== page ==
We sought to determine the risk factors for and outcomes associated with rapid lung function decline in a cohort of subjects followed for up to 11 years.
We analyzed data from 4,923 adult participants, aged 65 and older at baseline, in the Cardiovascular Health Study (CHS). We classified subjects using a modification of the GOLD criteria for COPD, and added a “restricted” category (FEV1/FVC > 70% and FVC < 80% predicted). We used Cox proportional hazard models to determine the risk of lung function decline over four years on subsequent mortality and COPD hospitalizations, after adjusting for age, race, sex, smoking status, and other factors.
Of the participants in our initial cohort, 3388 (68.8%) had spirometry at the Year 4 visit. Participants with GOLD Stages 3 or 4 COPD at baseline were less likely than normal subjects to have follow-up spirometry ( 52.7% vs. 77.9%, p < 0.01) and were more likely to be in the most rapidly declining quartile of FEV1 (28.2% vs, 21.3%, p < 0.01), with an FEV1 loss of at least 3.4% annually. Overall, membership in the most rapidly declining quartile of FEV1 from baseline to Year 4 was modestly associated with risk of COPD hospitalization (adjusted Hazard Ratio [HR] 1.6, 95% confidence interval [CI] 1.3, 2.0) and all-cause death (adjusted HR 1.5, 95% CI: 1.2, 1.7) over an additional seven years of follow-up.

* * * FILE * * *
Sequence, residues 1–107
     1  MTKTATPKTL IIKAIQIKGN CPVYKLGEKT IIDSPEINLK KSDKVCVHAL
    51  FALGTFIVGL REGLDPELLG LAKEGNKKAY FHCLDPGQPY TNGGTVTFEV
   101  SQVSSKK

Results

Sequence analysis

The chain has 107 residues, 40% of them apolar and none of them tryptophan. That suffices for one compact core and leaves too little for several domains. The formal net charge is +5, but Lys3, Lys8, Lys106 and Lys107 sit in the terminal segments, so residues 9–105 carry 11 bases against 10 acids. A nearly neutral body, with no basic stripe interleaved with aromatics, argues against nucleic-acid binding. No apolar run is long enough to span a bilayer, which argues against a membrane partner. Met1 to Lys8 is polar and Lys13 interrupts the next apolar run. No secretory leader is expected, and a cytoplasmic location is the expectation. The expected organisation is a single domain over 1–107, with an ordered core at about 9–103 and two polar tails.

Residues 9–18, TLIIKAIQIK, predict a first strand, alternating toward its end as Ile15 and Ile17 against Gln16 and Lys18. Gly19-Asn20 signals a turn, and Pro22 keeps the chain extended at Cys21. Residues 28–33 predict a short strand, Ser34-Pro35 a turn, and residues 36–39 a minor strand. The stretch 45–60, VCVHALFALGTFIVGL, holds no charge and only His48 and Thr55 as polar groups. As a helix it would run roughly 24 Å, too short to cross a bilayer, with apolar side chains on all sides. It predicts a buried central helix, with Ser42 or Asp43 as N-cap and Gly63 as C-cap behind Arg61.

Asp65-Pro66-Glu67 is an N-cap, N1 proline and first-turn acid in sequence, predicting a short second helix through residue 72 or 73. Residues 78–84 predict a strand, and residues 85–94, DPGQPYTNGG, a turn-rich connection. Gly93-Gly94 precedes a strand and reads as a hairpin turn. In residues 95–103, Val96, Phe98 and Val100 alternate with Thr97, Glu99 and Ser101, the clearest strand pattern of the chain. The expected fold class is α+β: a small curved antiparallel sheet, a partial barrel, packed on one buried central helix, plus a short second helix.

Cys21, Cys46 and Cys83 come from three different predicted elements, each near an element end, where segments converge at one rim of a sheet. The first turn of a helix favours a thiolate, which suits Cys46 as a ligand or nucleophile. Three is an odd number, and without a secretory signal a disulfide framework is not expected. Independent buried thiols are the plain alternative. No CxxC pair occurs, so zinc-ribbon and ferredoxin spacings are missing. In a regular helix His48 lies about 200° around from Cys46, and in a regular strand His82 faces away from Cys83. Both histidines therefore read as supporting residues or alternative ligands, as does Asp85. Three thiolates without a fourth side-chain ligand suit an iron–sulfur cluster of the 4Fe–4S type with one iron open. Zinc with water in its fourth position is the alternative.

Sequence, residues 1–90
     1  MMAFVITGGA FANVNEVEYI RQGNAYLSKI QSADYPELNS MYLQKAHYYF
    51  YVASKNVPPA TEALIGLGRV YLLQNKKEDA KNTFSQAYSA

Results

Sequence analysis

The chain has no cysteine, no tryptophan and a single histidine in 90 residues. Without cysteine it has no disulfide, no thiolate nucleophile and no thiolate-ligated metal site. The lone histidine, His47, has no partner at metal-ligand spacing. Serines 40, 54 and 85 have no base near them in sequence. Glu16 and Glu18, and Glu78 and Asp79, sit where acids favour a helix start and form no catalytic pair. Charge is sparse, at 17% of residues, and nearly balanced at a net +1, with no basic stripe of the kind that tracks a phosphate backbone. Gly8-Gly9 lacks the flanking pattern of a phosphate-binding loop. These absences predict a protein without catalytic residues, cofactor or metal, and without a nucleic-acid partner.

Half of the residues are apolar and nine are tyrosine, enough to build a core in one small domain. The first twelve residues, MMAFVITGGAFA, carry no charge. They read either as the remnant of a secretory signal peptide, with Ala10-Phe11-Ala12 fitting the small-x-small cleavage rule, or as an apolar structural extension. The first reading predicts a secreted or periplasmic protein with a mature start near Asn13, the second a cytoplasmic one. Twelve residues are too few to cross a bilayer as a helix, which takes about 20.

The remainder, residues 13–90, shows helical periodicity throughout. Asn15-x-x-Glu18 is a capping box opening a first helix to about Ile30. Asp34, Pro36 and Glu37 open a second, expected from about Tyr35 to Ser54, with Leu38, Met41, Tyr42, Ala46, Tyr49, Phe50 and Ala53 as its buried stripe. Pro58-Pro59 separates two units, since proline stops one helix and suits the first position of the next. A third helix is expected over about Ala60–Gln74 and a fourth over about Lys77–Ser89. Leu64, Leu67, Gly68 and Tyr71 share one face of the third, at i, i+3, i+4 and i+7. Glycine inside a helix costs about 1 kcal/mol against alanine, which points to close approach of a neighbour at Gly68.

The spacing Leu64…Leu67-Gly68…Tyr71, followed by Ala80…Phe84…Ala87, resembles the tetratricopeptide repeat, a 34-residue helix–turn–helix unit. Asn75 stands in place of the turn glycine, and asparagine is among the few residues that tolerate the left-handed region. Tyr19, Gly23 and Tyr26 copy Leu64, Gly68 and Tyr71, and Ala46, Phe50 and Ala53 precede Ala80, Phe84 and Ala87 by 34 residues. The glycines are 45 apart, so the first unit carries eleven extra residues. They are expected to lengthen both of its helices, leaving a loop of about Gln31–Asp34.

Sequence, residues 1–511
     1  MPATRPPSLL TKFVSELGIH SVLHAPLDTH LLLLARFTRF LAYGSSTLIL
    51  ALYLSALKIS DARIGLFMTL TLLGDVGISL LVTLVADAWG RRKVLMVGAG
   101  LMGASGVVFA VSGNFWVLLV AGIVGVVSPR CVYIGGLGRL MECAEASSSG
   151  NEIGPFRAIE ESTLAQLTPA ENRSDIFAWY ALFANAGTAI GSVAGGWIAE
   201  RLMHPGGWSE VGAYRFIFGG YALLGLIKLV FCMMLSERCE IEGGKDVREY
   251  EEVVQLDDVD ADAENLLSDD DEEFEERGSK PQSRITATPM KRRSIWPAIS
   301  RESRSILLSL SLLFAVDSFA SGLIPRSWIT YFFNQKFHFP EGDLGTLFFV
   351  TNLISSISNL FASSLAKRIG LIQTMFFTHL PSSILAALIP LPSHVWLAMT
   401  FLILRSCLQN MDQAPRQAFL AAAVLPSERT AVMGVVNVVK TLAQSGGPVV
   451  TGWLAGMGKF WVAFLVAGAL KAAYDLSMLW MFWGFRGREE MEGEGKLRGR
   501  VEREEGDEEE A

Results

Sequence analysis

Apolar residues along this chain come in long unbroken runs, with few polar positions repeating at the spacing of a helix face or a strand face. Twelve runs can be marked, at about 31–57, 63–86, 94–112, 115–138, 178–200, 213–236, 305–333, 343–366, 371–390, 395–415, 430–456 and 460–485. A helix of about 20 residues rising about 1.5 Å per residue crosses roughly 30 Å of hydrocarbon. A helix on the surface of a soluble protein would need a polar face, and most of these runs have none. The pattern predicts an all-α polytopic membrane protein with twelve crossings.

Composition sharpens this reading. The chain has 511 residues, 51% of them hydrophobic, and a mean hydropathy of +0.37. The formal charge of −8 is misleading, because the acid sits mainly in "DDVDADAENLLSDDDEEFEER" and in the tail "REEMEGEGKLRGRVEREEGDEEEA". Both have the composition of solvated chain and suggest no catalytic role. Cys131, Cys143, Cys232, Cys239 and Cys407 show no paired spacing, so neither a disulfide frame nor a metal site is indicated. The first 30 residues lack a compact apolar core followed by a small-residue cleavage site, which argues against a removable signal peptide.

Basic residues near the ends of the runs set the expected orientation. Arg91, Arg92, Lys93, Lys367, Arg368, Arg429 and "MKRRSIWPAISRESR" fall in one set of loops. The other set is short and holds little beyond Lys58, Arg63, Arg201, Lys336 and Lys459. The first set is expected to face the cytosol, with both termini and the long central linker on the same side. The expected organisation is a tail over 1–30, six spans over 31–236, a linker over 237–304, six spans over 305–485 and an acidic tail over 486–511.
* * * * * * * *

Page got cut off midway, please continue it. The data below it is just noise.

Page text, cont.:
More rapid decline of lung function was independently associated with a modest increased risk of COPD hospitalizations and deaths in an elderly cohort of US participants.
Monitoring changes in spirometry may be useful in determining the risk if exacerbations and death in elderly patients with COPD.
David Mannino, Grant monies (from industry related sources) GlaxoSmithKline, Pfizer; Consultant fee, speaker bureau, advisory committee, etc. GlaxoSmithKline, Pfizer, Ortho Biotech, Boehringer Ingelheim.